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that centers you and keeps you at your best.


For some, it's prayer, scripture meditation or singing.


It could happen while exercising your body. It might be journaling, writing poetry, or reading the newspaper with your favorite coffee.


Spiritual practices help you be fully You, growing your roots deep while stretching your branches out into new places.


To be immersed in the Psalms might mean any number of things for you. Here are a few suggestions spinning off of Psalm 23.

A spiritual practice can be anything 

Bev Lloyd-Roberts (cc)

1. Pray like a shepherd
(a small group prayer)


Or an auto mechanic or grocery bagger.


Imagine David laying under a tree. It's hot, and he's finally tracked down all the sheep that ran for the gorge when they heard Jesse's Ricola horn echoing through the hills. The sheep are on fresh grass. They have water and they're resting. The flock is safe.


"Man, the things I do for these sheep. I watch them, protect them, chase them out of danger and lead them back to the flock, help them give birth, sing to them. I feed them, teach them, guide them. Sheep. I just love 'em.




That's what God is like for me. Think I'll write a psalm."


Try writing a prayer modeled after Psalm 23, starting with what you well: your vocation. The area you have some expertise and energy. This is a great thing to do in a small group, because you'll hear wonderful insights about how we experience Holy Presence.


With Psalm 23 open for reference, you might begin:


          "The Lord is my dental hygenist. I have everything I need."


Then, tracking with Psalm 23, describe the aspects of your awareness that goes into practicing your job.


          "She invites me to open wide, gently examining my deepest molars. With x-rays and little

          mirrors, she looks closely at things I seldom even think about. She does everything for my

          own good. Even though it hurts sometimes. My dental hygenist scrapes off tarter that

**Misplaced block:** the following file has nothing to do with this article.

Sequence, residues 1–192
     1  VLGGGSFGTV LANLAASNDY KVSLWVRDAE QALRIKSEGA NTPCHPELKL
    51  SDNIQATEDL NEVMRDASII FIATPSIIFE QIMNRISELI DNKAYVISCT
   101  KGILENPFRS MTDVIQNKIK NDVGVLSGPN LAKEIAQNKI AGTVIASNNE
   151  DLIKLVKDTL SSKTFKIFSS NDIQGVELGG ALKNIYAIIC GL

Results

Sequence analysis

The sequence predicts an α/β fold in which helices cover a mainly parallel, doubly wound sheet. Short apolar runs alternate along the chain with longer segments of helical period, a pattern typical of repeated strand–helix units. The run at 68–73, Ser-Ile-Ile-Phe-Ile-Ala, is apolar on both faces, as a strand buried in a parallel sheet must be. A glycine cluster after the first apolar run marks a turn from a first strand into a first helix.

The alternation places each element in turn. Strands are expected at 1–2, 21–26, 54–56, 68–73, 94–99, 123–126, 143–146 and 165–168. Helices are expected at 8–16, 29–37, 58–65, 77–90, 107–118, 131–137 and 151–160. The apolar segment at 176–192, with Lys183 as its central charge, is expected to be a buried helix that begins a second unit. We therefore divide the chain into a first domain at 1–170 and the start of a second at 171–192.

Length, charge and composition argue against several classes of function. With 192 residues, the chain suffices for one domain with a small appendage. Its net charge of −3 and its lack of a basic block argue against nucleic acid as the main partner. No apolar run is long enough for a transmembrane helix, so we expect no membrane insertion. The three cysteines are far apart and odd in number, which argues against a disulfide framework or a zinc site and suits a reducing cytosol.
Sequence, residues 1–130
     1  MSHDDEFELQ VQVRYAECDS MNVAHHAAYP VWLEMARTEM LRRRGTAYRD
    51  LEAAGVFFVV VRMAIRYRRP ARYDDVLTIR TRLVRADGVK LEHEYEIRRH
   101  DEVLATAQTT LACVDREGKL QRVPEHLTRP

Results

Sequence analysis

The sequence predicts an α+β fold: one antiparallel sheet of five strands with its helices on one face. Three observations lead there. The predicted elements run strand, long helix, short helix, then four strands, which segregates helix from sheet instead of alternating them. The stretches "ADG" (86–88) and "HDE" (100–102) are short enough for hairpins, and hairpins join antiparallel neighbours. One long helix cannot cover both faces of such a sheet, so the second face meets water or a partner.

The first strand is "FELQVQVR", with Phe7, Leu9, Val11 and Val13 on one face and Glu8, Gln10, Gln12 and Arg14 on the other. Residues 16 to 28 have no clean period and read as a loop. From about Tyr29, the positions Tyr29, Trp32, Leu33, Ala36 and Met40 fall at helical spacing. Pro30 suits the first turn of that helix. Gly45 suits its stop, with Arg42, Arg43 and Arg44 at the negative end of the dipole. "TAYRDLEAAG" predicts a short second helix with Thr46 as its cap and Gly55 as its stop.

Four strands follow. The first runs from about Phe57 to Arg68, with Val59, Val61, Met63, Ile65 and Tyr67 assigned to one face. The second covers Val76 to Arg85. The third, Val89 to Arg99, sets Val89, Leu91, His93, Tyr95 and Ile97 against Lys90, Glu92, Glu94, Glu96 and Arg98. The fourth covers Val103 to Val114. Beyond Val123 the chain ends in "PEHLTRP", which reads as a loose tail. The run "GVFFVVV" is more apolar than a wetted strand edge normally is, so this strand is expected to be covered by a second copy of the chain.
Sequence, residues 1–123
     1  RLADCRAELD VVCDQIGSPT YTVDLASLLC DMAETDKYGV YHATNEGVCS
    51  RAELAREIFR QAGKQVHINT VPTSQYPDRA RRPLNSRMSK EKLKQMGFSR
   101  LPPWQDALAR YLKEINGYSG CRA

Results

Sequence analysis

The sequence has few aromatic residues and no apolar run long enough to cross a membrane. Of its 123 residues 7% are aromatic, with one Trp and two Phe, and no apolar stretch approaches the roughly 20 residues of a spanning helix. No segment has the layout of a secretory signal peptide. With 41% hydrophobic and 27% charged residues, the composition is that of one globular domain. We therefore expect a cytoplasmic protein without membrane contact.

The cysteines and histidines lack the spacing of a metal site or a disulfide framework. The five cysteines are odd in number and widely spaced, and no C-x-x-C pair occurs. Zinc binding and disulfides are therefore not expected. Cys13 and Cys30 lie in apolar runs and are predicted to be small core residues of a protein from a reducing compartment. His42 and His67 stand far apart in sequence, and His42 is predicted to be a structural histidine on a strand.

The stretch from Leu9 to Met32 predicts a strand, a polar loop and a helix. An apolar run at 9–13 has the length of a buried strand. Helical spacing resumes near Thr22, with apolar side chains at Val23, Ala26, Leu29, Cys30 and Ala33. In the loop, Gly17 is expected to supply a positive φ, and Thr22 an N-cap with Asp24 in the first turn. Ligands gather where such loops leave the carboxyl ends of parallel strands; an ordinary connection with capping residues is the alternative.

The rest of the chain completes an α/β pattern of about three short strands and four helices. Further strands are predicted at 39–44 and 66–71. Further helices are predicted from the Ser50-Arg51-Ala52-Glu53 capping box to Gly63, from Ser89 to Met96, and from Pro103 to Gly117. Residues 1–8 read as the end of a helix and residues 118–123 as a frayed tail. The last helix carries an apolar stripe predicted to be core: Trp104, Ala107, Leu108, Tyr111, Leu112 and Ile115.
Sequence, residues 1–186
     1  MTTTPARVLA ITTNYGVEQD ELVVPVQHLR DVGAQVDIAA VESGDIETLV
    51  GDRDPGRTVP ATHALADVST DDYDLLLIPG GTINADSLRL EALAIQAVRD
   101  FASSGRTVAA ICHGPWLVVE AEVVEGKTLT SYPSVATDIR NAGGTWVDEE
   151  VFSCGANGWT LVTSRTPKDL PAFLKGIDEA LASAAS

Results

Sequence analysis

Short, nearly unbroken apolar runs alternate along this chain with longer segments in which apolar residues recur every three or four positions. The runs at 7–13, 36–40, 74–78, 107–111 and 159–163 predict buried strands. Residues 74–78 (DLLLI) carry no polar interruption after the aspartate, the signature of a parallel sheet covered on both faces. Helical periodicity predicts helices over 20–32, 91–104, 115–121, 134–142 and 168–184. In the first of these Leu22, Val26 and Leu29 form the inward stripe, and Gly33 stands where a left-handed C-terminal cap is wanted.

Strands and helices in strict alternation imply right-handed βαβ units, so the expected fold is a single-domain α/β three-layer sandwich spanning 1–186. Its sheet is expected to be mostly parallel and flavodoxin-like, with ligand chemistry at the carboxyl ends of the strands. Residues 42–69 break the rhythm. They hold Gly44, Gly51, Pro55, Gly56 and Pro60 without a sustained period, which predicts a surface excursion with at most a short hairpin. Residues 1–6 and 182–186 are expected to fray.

damages; she brushes surfaces that are sick; she smiles compassionately at me."


Include the dimensions of ups and downs like Psalm 23.


          "My mouth is one of the most intimate places by which I engage life, taking in food, drink,

          conversation, kisses. My mouth is refreshed and healthy.


          When I have cavities or infection, and in the worst pain your healing care has my best in

          mind. You take care of all things I have no idea how to take care of myself."


Explore any part of the tools of your trade, your relationships with colleagues, and your own expertise means to you and the people you serve.


          "Laying back in the chair, mouth wide open, paper bib around my neck, drooling like an

          infant, I am at your mercy.


          Your tender, expertly practiced mercy is for me. And I will trust you again today."


Parallel the Psalm 23 text as closely as you wish. Share your prayers with others in a group.

Himalayan shepherd in India

2. Trust like a Sheep

(for kiddos and youth)


What would it be like to be a sheep? Here are games that get in touch with the feeling of trust.


For young kids, play "follow the shepherd" (leader). In a wide open space like a gymnasium or a level grassy field, the children hold hands. An adult is the leader, taking the first child by the hand, leading the chain of kids in a fun little tour. Hop, skip, walk, do "the wave," and make a swirly path or straight path.